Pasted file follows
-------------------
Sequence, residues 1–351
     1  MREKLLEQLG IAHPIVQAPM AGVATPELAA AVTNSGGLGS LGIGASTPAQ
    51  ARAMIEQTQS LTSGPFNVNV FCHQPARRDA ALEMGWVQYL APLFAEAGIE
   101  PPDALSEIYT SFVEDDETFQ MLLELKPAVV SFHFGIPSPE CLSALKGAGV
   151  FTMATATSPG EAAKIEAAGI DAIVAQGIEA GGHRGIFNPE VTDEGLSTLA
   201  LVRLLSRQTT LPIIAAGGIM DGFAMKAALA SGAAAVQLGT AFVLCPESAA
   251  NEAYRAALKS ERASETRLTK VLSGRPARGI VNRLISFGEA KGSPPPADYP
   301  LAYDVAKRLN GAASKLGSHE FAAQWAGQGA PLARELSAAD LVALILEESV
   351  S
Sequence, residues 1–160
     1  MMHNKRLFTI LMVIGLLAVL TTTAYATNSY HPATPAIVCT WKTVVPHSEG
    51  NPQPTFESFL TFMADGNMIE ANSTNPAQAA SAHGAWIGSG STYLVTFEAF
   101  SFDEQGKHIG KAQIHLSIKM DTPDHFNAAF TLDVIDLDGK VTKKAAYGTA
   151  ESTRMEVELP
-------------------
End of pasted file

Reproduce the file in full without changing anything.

Sequence, residues 1–351
     1  MREKLLEQLG IAHPIVQAPM AGVATPELAA AVTNSGGLGS LGIGASTPAQ
    51  ARAMIEQTQS LTSGPFNVNV FCHQPARRDA ALEMGWVQYL APLFAEAGIE
   101  PPDALSEIYT SFVEDDETFQ MLLELKPAVV SFHFGIPSPE CLSALKGAGV
   151  FTMATATSPG EAAKIEAAGI DAIVAQGIEA GGHRGIFNPE VTDEGLSTLA
   201  LVRLLSRQTT LPIIAAGGIM DGFAMKAALA SGAAAVQLGT AFVLCPESAA
   251  NEAYRAALKS ERASETRLTK VLSGRPARGI VNRLISFGEA KGSPPPADYP
   301  LAYDVAKRLN GAASKLGSHE FAAQWAGQGA PLARELSAAD LVALILEESV
   351  S
Sequence, residues 1–160
     1  MMHNKRLFTI LMVIGLLAVL TTTAYATNSY HPATPAIVCT WKTVVPHSEG
    51  NPQPTFESFL TFMADGNMIE ANSTNPAQAA SAHGAWIGSG STYLVTFEAF
   101  SFDEQGKHIG KAQIHLSIKM DTPDHFNAAF TLDVIDLDGK VTKKAAYGTA
   151  ESTRMEVELP